More than 3 trillion yuan ($431 billion) in lines of credit are being opened by Chinese banks for cash-strapped real estate companies, showing a temporary preference for economic stabilisation over debt reduction in the sector.
The largest state-owned bank in the country, Industrial and Commercial Bank of China, has announced plans for 12 debtors, including premier housing business Country Garden Holdings, to receive credit lines totalling 655 billion yuan.
Major state-owned and regional banks have issued credit lines totalling more than 3.19 trillion yuan in total. If they were all used up, the total amount of outstanding real estate development loans would increase from the 12.67 trillion yuan figure at the end of September by almost 25%.
A deeply indebted property sector, whose problems have dragged on China’s economy, is given a lifeline by new lending. The assistance to real estate developers implies that the leadership under President Xi Jinping is focused on bolstering the economy, similar to previous actions to scale back regulations relating to the coronavirus.
The second- and third-largest state-owned banks in the nation, China Construction Bank and Agricultural Bank of China, have not specified particular credit lines, so additional support for the industry may be on the way.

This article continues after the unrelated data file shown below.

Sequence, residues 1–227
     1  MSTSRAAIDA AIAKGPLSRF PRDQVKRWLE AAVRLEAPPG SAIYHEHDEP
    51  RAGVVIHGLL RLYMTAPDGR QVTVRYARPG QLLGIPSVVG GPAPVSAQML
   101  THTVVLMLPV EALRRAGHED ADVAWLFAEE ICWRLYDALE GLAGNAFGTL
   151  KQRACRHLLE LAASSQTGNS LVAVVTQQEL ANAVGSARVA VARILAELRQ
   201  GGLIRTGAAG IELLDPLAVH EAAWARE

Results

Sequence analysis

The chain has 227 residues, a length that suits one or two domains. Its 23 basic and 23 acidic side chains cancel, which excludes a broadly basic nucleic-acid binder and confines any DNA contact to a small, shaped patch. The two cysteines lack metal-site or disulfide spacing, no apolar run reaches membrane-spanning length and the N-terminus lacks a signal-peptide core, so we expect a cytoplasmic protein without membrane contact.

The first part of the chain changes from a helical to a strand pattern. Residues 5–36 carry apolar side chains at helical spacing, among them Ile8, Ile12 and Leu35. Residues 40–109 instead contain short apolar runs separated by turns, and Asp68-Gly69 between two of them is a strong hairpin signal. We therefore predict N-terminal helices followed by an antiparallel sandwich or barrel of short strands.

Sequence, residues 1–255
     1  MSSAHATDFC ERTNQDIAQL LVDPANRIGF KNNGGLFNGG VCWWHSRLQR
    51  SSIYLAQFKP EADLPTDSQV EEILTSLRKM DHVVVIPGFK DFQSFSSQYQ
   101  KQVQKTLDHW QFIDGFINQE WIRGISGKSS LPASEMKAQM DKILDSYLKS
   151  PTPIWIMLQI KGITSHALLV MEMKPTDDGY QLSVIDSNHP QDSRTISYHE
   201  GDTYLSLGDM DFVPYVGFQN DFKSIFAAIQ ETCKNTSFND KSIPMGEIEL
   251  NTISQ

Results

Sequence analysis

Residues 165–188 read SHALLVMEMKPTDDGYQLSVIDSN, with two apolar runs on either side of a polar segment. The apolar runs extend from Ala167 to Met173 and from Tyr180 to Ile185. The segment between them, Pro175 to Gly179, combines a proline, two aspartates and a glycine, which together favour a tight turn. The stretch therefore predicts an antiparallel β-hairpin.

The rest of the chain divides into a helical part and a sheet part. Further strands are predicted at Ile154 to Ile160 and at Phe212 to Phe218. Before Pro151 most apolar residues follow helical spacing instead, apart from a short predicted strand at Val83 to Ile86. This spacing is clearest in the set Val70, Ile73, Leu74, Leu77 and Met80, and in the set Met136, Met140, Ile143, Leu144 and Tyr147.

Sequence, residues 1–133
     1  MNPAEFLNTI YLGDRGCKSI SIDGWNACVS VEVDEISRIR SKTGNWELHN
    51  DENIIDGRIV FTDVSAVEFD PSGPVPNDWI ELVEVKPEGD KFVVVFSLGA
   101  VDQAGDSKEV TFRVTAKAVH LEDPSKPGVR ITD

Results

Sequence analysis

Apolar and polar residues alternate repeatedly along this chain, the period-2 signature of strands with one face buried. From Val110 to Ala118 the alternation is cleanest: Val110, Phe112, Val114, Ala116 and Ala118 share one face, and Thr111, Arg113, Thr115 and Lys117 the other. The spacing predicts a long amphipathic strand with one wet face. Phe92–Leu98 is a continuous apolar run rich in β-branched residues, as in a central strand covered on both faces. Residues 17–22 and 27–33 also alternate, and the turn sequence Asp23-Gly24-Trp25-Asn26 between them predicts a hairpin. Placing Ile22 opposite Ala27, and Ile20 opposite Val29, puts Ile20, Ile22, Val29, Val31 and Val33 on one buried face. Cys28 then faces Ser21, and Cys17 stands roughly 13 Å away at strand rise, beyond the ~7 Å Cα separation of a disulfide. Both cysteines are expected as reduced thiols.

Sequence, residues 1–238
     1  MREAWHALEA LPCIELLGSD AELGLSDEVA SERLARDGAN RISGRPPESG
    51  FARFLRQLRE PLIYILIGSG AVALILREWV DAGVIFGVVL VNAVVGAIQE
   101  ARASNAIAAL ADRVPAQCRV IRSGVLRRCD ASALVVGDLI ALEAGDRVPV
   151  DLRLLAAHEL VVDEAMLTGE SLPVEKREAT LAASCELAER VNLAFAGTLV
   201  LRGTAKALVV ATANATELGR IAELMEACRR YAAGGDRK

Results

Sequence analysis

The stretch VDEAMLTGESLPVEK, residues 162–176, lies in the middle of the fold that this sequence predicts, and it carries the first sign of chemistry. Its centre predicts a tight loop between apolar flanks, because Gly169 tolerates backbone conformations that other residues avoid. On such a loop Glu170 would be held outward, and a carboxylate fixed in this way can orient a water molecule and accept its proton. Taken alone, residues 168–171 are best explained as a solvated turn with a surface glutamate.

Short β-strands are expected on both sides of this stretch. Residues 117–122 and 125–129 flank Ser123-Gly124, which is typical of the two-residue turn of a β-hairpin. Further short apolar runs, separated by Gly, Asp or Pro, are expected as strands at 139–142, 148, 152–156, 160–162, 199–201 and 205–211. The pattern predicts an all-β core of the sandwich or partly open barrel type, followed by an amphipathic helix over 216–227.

The real estate sector’s debt issues won’t be resolved right away, not even with the boost that was recently announced. Liabilities for developers include accounts payable and houses that have been sold but not yet delivered. Bank loans only make up about 10% of Country Garden’s overall liabilities.
Beijing’s strict attitude on lending to the real estate sector was relaxed by new assistance measures that the government announced on November 23. The government announced a number of limitations in 2020 and 2021, including the “three red lines,” which include a cap on real estate loans and a limit on the debt-to-equity ratio.
China’s gross domestic product, including related industries, consists of about 30% real estate. A wide range of economic effects result from changes in loans to the real estate sector.
According to China Real Estate Information, the value of house sales at the top 100 enterprises declined by about half compared to November 2020 and by 25.5% on the year in November. Social unrest has been sparked by the housing market’s turbulence, and one example is mortgage strikes by buyers of homes whose construction has been put on hold.
Guo Shuqing, who serves as both the chairman of the China Banking and Insurance Regulatory Commission and party secretary of the People’s Bank of China, was expelled from the party’s Central Committee at the party congress in October. Guo, a prominent financial reformer, has led deleveraging initiatives, including the development of the three red lines.
Many in the financial sector think that Yin Yong, the deputy party secretary for Beijing, and Yi Huiman, the chairman of the China Securities Regulatory Commission, two individuals who were recently elevated to the Central Committee, will assume important positions in monetary policy, potentially usurping reformers.
State-owned banks’ assistance to the real estate sector will increase cash flow, according to an analyst. Chinese real estate equities traded on the Hong Kong exchange make up the Hang Seng Mainland Properties Index, which is risen more than 90% from its low point in late October.
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